PPI Center for Civil Justice Advisory Board Members Tackle Lawsuit Lending in New York

By / 5.18.2018

New York State Capitol Building in Albany, New York

by Tom Stebbins, PPI Center for Civil Justice Advisory Board Member

The American civil justice system breaks down when litigation is driven by profit over justice. Nowhere is this tragic trend more evident than in the burgeoning “lawsuit lending” industry.

Last year, former Georgia Attorney General Thurbert Baker, a fellow PPI Center for Civil Justice advisory board member, and I wrote about this issue in an op-ed for the Albany Times Union, an influential newspaper for matters of public policy in New York’s capital city.

Since then, articles have appeared in both the left-leaning New York Times and the right-leaning New York Post which reveal how, in the absence of common sense regulations and consumer protections, lenders exploit financially desperate, vulnerable citizens.

Beyond the more widely reported predatory excesses of the industry, the Times also uncovered a grotesque, complex scheme in which lenders and lawyers convince and frighten women into getting unnecessary surgeries so they can rack up interest payments and legal fees.

Thankfully, these reports grabbed the attention of legislators in Albany. In true bi-partisan fashion, Democratic Assemblyman William Magnarelli and Republican State Senator Rob Ortt have introduced legislation to give proper regulation around lawsuit lending. Their bill also ensures that these lenders are subject to consumer protection laws, including limiting interest to the state’s existing cap on consumer loans, which is 16 %. Democrats in the Assembly, including Consumer Affairs Committee Chair Matthew Titone, are promising to tackle the issue.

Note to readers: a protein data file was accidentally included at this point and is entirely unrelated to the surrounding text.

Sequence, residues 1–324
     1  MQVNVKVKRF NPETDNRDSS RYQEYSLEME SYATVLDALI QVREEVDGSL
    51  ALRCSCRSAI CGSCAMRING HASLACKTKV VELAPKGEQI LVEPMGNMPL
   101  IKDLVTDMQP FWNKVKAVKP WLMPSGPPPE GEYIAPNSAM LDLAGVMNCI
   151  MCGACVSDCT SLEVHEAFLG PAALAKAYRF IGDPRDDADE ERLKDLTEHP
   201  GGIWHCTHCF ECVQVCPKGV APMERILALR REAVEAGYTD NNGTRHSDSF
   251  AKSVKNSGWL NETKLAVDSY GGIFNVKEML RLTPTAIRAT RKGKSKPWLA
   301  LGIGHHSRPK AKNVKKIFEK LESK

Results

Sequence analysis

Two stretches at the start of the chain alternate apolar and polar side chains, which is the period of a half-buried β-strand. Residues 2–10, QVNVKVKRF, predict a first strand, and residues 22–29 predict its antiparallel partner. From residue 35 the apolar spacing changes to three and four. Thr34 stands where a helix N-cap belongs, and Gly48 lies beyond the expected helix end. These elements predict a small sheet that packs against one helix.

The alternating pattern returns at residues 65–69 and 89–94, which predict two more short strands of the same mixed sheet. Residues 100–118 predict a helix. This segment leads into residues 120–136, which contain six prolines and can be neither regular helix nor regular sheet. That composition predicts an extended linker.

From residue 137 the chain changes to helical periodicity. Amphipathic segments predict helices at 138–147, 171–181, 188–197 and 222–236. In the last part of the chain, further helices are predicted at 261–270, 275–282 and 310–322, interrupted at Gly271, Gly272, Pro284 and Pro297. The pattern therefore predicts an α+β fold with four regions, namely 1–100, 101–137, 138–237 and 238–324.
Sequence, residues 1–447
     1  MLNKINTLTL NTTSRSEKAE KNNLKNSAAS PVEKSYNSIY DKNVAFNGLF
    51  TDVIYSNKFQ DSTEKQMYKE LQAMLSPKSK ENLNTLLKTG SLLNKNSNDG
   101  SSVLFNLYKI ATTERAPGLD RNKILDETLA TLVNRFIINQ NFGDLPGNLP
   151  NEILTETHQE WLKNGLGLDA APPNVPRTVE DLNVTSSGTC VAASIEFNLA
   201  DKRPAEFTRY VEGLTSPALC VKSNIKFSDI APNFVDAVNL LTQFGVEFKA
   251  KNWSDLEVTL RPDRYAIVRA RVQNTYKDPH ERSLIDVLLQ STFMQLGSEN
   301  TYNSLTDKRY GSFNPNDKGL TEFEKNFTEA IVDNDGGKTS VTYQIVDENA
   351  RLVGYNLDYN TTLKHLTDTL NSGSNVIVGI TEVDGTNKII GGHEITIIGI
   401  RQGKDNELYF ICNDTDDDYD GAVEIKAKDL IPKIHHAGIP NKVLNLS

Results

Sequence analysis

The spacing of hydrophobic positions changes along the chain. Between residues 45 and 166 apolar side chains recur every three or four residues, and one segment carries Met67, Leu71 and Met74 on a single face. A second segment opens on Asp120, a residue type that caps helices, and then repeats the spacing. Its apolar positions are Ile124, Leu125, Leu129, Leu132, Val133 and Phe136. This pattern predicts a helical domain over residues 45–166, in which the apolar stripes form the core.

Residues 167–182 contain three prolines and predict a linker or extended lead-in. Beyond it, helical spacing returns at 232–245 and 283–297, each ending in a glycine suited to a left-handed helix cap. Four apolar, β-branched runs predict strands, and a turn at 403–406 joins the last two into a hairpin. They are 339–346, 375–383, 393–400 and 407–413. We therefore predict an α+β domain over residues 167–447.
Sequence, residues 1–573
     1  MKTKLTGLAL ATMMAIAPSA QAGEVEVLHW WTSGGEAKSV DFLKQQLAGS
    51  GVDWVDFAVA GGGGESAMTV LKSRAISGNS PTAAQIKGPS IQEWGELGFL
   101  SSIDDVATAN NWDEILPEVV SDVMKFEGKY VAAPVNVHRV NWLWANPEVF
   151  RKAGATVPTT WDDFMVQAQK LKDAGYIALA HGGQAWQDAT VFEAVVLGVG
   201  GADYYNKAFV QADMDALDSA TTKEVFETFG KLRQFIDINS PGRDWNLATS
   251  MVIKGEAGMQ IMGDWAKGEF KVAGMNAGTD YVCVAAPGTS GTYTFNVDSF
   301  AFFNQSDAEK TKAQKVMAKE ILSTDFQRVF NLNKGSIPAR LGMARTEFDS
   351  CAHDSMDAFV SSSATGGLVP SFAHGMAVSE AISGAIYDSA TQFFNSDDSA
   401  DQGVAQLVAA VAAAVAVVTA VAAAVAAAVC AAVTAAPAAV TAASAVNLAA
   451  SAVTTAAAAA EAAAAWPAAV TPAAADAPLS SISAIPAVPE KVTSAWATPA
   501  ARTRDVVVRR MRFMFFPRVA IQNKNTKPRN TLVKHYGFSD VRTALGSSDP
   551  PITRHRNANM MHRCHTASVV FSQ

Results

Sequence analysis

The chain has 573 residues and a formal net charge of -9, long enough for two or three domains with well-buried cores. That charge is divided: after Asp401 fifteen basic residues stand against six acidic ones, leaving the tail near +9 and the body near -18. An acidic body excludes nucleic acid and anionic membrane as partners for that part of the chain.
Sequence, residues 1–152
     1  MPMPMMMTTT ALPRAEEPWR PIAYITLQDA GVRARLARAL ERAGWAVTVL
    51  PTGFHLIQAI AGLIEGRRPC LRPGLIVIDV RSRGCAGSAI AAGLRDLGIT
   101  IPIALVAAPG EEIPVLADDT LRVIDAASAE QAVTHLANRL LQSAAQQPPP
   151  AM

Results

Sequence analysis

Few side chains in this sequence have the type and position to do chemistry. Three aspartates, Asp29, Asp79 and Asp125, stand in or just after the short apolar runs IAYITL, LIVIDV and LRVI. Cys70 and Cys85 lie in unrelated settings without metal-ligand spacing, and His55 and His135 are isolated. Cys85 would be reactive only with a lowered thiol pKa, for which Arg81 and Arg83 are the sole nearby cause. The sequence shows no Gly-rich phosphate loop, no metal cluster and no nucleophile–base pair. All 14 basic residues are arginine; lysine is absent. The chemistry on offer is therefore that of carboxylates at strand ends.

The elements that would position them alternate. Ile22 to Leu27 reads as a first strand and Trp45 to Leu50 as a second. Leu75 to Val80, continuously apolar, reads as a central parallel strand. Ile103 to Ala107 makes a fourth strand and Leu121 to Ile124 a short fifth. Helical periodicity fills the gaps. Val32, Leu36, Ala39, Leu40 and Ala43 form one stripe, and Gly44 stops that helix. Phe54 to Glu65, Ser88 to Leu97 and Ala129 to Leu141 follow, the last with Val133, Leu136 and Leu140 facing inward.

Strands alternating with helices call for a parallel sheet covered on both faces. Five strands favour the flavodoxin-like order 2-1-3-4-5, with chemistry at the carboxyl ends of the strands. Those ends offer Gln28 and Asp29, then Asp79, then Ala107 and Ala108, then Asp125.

This week, ahead of a hearing called on the issue by the New York State Senate Standing Committee on Consumer Protection, my colleague Adam Morey had an op-ed published in the New York Post. He recapped recent media reports about the industry’s more predatory practices and built a strong case for why lawsuit-cash-advance firms should be subjected to the same oversight as all other consumer lenders.

Along with Adam, I testified at the hearing in support of applying New York’s usury rate caps to lawsuit funding. During the proceedings, both Democrats and Republicans grilled representatives of the lawsuit lending industry, with Democratic Senator Marisol Alcantara noting that while lawsuit lending may currently be legal, “slavery was once legal but it was wrong.”

Although he was unable to join us to testify in Albany, Attorney General Baker was able to submit written testimony in which he concluded that the rise of third party consumer lawsuit financing “is a slippery slope that eventually re-victimizes the most vulnerable among us and does more harm than good to America’s system of jurisprudence.”

Testifying in support of the industry, Cardozo Law Professor Anthony Sebok presented the results of his latest paper on lawsuit financing. He attempted to defend the industry in claiming that his results found that the median interest rate from a set of claims he obtained from a single lender was “only 44%.”

Wow, this rate would make a loan shark blush!

Or, as Lev Ginsburg of the Business Council of New York State succinctly remarked at the hearing, “if Tony Soprano would go to prison for that, it’s too high.”